11. "Scout Spirit." In our troop we keep a roster each week of who comes prepared with their book, wearing a uniform, is present, etc. If a Scout does not come prepared, this shows a lack of Scout spirit. And for rank advancement, our troop does expect a Scout to come looking like he is wanting to be a Scout! To sign off a Scout to advance when he hasn't been coming dressed properly, or hasn't been coming regularly, that would be just running an Eagle Mill. We have one of those in our town. And we don't run one at our troop!
  12. To have 75% attending an outing is great! At times we have had less than 10% attend a campout in our troop. Our PLC has suggested activities that cost lots of money, and not really related to "Scouts" But they are allowed to list everything. As a committee, we tell them why certain things really can't be done: whether it is too expensive, date interferes with something else, it isn't safe, etc. They are never told it is "stupid," but that it just isn't appropriate and we tell them alternatives. In our case, we live in a small town. Most people don't make a living minimum wage. My kid gets sent to wonderful expensive camps and activites because we can afford it, but when it comes to Scouts, he has to learn to do as the rest do. I believe that putting too much money into campouts throughout the year goes against teaching the boys to learn to live using their own skills.
  13. In Dec of 2003 our troop swelled from under 8 regularly attending Scouts to 35. My husband took over the role of Scoutmaster for recharter time. We tried to get the young Scouts to go to activities, and get their parents involved. "We don't like camping." Or it was some other excuse. We'd have boys walk in asking to join, and we'd say, "we'd like you to attend a couple of meetings before signing up to make sure you are interested." No, they wanted to sign then. After a campout and a few meetings, they'd quit coming. We'd call. My husband spent his own money sending letters to Scouts and parents. Nothing.We are now down to about 15 Scouts attending. The biggest problem has been the parents. They learned that it wasn't Baby Sitters of America. To go camping, we needed parents to transport, to camp also. It was just "inconvenient." So we are most likely going to lose our quality unit status, that we always had for over 10 years. It cost our troop extra money to set up folders and such for these new Scouts, to buy all the new equipment that we didn't have before for that large of group. Personally, I like the smaller group, but this has been a frustrating year. We just never seem to improve the real condition of our troop over time. No one can participate because of a lack of money, or there aren't enough leaders to go. Very frustrating!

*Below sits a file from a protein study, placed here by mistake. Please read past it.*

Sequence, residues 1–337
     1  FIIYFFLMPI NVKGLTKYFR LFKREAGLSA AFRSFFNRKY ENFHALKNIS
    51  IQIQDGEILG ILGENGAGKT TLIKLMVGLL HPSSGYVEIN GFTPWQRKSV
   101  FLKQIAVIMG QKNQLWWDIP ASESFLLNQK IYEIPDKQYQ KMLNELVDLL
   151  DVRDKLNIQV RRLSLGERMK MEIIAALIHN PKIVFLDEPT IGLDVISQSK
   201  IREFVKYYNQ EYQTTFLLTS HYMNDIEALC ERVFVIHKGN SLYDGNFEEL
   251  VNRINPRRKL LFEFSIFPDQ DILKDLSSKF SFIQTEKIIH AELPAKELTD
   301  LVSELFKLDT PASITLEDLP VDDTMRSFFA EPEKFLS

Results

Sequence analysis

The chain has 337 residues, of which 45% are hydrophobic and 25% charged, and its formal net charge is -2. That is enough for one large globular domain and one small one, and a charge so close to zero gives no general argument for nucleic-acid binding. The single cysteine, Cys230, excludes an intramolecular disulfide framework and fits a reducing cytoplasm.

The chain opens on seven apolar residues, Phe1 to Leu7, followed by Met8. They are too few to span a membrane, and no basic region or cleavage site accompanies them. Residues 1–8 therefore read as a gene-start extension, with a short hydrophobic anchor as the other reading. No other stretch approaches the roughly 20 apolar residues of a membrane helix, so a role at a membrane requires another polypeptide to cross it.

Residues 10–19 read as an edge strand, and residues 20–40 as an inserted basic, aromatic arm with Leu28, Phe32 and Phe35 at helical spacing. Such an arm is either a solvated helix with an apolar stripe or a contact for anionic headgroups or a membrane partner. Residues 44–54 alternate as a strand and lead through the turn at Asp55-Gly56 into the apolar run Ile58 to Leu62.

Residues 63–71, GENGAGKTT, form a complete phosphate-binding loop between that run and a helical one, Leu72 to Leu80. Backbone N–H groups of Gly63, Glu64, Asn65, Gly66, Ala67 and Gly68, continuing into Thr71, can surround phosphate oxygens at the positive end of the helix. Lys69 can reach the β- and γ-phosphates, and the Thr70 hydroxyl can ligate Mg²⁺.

14. Rents are high nowadays. If my 21 year old son should EVER (please, please) move out, he most likely will have to share rent with a friend. And I do prefer the friend not to be female unless he is married to her! I hope everyone gets to know the new DE and learns to see what is under that little beard. The beard phase may pass in time.
  15. In our troop, a Scout's account can be used for uniforms, camp dues, weekly dues, anything from the Scout shop, or camping supplies from Wal-Mart or other stores (as long as it pertains to Scouts). So if the food has to do with the Court of Honor ceremony, like the special cake and decorations I would think our treasurer would approve of that being a "Scout" expense. It would be different if you were starting out, probably. But at this point in your journey I don't see why not. But, how a Scout account is able to be spent is left up to individual Troops. For example, several years ago in my town (I live in a small town with 3 troops)we had one troop that allowed their Scouts to pocket their percentage of the Trails End popcorn "earnings." Scouts from another troop got wind of this and had a major fit, screaming to their Scoutmaster and treasurer how "unfair" it was that he and his buddies had to only spend their money on Scout supplies. So, at a district meeting this was brought up and as a district (or maybe just within the town, I don't know, it was before my time) a rule was passed that all troops spend their Scout accounts only on supplies. Good luck, and most of all, congradulations! My son is 1 Eagle badge (and a project) away from Eagle also. It is so exciting!